“Collins, backed by two of her female colleagues, gave the vote the female voice Republicans needed,” Doug Heye, former communications director for the Republican National Committee, told me. “No doubt the past two weeks have been contentious, but if the deciding vote and speech had come from a man, there could have been a backlash from independent women voters.”
Conspicuously missing from the chamber as Collins spoke was Lisa Murkowski. The Alaska senator had stunned her colleagues earlier that day by voting “nay” on the motion to end debate on Kavanaugh’s nomination and advance it to the floor. “She was always a reach, but a ‘no’ on cloture is alarming,” one senior Senate GOP aide texted me at the time. “It’s one thing to vote ‘no’ against confirmation. It’s another to essentially vote to filibuster from consideration.”
Republican sources argued Murkowski’s reasoning could prove just as compelling to GOP women come November. As I reported earlier this week, Murkowski used a private lunch with her colleagues to express her frustration not just with the confirmation circus itself, but also with the optics. According to a source briefed on the lunch, Murkowski stood and bemoaned the image of “old white men” ramming Kavanaugh’s nomination through at the apex of the #MeToo movement. It was damaging the party, not to mention the movement itself, in a way many of her colleagues “just don’t get,” Murkowski told the room.
Ultimately, for Collins, to vote against Kavanaugh would be to legitimize the “smear tactics” against Kavanaugh, as well as the abandonment of “fairness” and “due process.” But for Murkowski, confirming Kavanaugh would signal an endorsement of the hyper-polar atmosphere in which the nation finds itself, not to mention Kavanaugh’s own partisan temperament during his hearing.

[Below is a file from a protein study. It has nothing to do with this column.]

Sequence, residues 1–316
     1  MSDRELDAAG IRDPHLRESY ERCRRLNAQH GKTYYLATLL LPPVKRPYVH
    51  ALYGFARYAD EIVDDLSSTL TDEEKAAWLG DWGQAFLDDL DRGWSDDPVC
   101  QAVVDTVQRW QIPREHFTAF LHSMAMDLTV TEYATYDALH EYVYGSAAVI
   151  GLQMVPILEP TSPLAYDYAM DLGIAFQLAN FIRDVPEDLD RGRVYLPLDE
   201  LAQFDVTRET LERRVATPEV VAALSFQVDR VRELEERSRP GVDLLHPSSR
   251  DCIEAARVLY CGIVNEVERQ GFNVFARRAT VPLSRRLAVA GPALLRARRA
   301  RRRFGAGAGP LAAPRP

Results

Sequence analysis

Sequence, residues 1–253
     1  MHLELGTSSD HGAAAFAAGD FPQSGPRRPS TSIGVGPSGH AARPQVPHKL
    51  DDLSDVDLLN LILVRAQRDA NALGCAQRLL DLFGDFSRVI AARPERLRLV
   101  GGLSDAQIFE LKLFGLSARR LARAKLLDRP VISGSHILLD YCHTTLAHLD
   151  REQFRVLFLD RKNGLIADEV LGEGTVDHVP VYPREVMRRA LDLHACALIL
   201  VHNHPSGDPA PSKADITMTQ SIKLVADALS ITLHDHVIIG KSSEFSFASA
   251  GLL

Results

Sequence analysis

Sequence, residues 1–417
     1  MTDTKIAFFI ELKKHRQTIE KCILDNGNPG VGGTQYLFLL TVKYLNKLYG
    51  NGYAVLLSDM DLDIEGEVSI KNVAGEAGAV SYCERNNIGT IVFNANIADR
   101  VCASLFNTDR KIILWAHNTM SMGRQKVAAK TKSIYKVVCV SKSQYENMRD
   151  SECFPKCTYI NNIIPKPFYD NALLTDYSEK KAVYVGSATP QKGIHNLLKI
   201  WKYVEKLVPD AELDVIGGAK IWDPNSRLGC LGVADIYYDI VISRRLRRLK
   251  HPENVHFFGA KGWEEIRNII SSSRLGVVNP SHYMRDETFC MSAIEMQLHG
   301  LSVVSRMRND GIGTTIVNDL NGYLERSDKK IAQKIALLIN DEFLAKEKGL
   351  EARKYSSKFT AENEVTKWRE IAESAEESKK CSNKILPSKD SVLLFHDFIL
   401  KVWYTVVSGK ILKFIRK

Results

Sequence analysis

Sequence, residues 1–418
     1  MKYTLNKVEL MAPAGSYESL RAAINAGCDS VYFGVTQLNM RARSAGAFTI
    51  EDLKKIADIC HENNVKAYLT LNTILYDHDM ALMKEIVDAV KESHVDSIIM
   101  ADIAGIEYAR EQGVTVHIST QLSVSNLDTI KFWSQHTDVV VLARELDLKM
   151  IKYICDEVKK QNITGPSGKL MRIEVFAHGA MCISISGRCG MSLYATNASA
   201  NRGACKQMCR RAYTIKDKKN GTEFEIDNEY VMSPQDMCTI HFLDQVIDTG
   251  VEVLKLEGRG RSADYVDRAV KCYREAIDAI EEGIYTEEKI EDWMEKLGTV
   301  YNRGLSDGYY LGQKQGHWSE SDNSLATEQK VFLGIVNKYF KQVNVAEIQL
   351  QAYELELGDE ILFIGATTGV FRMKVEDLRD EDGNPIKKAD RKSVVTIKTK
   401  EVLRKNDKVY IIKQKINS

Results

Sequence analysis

“I actually think you’ll find Republican women who were satisfied with the investigation and the lack of corroboration of Ford’s claims, and believe she and Kavanaugh are both highly credible and telling the truth as they understand it,” a GOP operative with ties to Senate leadership told me.
“But that wasn’t the deal breaker,” the operative continued. “It was the partisanship on display at the hearing that pushed women like Murkowski to the other side. The take is that judges need to be beyond reproach and can’t just be partisans like the rest of us. He has to meet a higher standard, and he compromised that in his testimony.”
It’s important to note, however, that GOP women who side more closely with Murkowski won’t necessarily be voting for Democrats in November. The more likely scenario, the sources I spoke to told me, is that they simply stay home. Republican officials are hoping that Collins can help mitigate those losses—by giving every single woman who favored Kavanaugh the extra boost needed to get out and vote.
And Republicans will desperately need every one of those voters—not just to make up for any losses within their own party, but also to brace against the progressive outrage that will likely only intensify. The GOP felt its own surge of support in the lead-up to the confirmation, as much of its base began to fear that Kavanaugh’s chances were slipping. But now that he’s confirmed, the left is experiencing its own palpable infusion of support. That support is coming from places both low and high: from everyday citizens protesting and risking arrest on the steps of the Capitol to former National-Security Adviser Susan Rice hinting on Twitter that she might challenge Collins in 2020.
That it all comes down to turnout is cliché for good reason. We won’t know until November whether the progressive backlash against Kavanaugh’s confirmation will translate into votes. Schumer encouraged Democrats on Saturday to channel their anger at the polls. “If you believe the process here in the Senate was a sham,” he said from the Senate floor, “I say there is one answer: Vote.”
We also won’t know until November whether Republican women, the ones who identify with Murkowski, will decide to stay home or, less likely but still possible, vote for Democrats. Finally, we won’t know whether, for other conservative women, Collins’s example will be enough.
What we do know, however, is that Republican majorities, in the House and Senate, will depend on it.